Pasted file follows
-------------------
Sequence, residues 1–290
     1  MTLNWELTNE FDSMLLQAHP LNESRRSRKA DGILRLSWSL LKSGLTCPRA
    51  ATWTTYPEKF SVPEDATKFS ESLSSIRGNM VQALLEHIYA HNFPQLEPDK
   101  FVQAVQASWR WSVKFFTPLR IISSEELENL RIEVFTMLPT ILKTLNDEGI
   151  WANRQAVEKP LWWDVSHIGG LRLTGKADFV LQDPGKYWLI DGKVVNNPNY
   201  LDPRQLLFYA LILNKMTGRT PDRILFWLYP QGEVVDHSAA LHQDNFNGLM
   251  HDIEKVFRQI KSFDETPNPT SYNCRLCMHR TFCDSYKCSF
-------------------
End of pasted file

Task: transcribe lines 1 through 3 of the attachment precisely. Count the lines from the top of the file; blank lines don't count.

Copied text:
Sequence, residues 1–290
     1  MTLNWELTNE FDSMLLQAHP LNESRRSRKA DGILRLSWSL LKSGLTCPRA
    51  ATWTTYPEKF SVPEDATKFS ESLSSIRGNM VQALLEHIYA HNFPQLEPDK